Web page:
2. Lower your sights. Your stated goal is a huge challenge without buying a lot of work and worry. You''re just starting out; who knows how you''ll feel about sailing in 5 years? (''Early retirement in 20'' will take care of itself). Given your limited experience, the best thing you can do is pick a boat that sails well. It will bring the joy of sailing along with its maintenance needs, and you''ll need the former at times to offset the latter. Pick something that can safely be sailed to the Abacos, Dry Tortugas and Keys - that''s plenty ambitious enough for a beginner to set as ''offshore goals'' from SE Florida, and all those destinations can offer abundant challenge and satisfaction. Stay at or above 30'' as that will allow you to consider more distant cruising with some systems mods. But above all, seek out those boats that are well built, have a good sailing rep, and have a minimum of ''gear'' and ''systems''. In your price range, such gear & systems most likely will be old & worn, and you''ll need to replace them eventually, anyway. Better most of your money buys a soundly built, good sailing boat with decent sails and a reliable engine. Period. Anything further is gravy and perhaps a distraction for a newcomer.

Now, a specific rec: if you use Yachtworld (which is down right now, or I''d give you the URL for this boat), search for ''Albin Ballad'' and ''30 ft''. You should find an excellent example of what''s possible for less than your budget, little used and with a great rep among N European sailors who sail the Ballad in the North Sea. It''s layout is spartan but highly functional; it''s a great sailer which is why it''s dimensions are modest by contemporary (CatHuntBen) standards. Worried about transport cost? It comes with its own galvanized 6-wheel trailer (according to a fellow who almost bought it). It''s enjoyed short seasons being sailed on the Great Lakes, which is why it looks in good shape (tho'' some wood work is needed on the companionway and locker lids). It''s been on the market since I was in Trinidad (summer of ''01) and, with fall looming, the price should be quite negotiable. And it will cross the Atlantic, tho'' it will hold fewer friends for cocktails in its cockpit.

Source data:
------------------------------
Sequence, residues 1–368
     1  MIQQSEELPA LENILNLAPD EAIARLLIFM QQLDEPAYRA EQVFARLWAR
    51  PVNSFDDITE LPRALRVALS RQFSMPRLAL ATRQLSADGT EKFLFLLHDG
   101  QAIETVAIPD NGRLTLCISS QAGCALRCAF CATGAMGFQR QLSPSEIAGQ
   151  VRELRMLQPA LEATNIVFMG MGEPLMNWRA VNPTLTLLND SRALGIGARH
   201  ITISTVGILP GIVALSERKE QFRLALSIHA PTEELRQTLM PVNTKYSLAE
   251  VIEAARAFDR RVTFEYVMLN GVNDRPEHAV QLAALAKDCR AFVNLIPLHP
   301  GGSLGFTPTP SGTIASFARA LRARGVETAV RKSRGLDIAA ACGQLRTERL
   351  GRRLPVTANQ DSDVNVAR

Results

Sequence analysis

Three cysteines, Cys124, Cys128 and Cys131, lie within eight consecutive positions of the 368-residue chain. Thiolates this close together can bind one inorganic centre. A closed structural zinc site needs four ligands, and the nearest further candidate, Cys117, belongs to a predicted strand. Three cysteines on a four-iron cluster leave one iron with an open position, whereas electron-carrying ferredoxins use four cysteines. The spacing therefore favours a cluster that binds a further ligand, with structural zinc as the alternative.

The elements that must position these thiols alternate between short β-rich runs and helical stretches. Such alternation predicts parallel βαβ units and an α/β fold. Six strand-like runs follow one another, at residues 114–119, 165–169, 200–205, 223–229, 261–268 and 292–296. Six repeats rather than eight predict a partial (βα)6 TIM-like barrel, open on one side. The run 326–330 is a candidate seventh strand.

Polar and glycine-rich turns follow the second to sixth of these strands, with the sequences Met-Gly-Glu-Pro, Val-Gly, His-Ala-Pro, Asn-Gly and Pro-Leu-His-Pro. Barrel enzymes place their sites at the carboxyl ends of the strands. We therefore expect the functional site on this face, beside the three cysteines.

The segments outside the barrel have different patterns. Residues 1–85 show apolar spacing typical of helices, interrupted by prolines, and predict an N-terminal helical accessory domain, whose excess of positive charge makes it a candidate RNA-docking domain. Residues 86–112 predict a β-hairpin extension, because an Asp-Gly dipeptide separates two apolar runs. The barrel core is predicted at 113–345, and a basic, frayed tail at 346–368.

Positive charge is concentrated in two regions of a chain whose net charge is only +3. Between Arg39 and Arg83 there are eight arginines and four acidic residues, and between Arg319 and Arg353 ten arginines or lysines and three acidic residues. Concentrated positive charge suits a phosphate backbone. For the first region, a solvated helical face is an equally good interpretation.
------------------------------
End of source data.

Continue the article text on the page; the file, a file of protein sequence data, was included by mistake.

Obviously, I don''t know if this is a ''good boat'' for you, but it''s a good example of what some shopping and a little knowledge about boats can turn up. I''m sure there are many others. Good luck on the hunt!

Jack
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Old 07-18-2002
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Comfortable weekend, or extended offshore cruiser for 2....

One of the better articles I read during my search for a sound cruiser was offered to this site by Jack(WHOOSH). That article and many others coupled with comments from Jack, Jeff, Marybeth and several other authors helped me make a sound decision.

Visit: http://www.mahina.com/cruise.html

Going through YW withdrawls,
Paul
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Old 07-19-2002
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Comfortable weekend, or extended offshore cruiser for 2....

Jack,

Thanks for the words of wisdom! I understand the great tasks (at least on paper) that come with offshore sailing and that you don''t just throw up the sails and head out to sea. I am new to this and will be dipping my toes in before I waid and definitely before I dive in head first, so don''t worry about that. My goals are ambitious and maybe not reasonable, but I would like to some day. When I start sailing the big boats (big to me) i will be going with baby steps and when the time (if it comes) that I want to be able to do more with my boat (more than a weekend) I will re-evaluate my boats performance and if it is not up to the task, then I would look for a new boat to upgrade. This is going to be a very slow gradual process. I am in the process of relocating within the next year or so, the my purchase is pending that. It also depends on my location (basically unknown). So my reworded/adjusted game plan is to look for an affordable, sturdy, used 30 footer and plan to use that as a daysailer and weekender. Once my skills improve, confidence builds, and ambitions grow, I will re-evaluate the boats capabilities and see if it is up to the extended voyages and offshore journeys. Again, I am young and new to sailing, so I have time. I do plan on taking basic sailing course and a bareboat or offshore course (offshore-sailing.com). Thanks again for the info. (Don''t worry you haven''t scared me off)
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Old 07-22-2002
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Comfortable weekend, or extended offshore cruiser for 2....

Hi
what else can I add ???
Just that you are better off with a good old boat, where you have to replace SOME things as time goes by, than to shell out big money for a relative NEW boat, where you will replace everything in the next 5 years ....

My boat is 30 years old, and I love it. Most of the Benecathunt owners in our marina are jealous about my boat ...

Thorsten
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Old 07-24-2002
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Comfortable weekend, or extended offshore cruiser for 2....

Hi, everyone:

How would your recommendations change if, based on hilega''s original post, you substitute Lake Michigan coastal and across-the-lake cruising (v. east coast/Gulf) and 4 people (v. 2)? Thanks.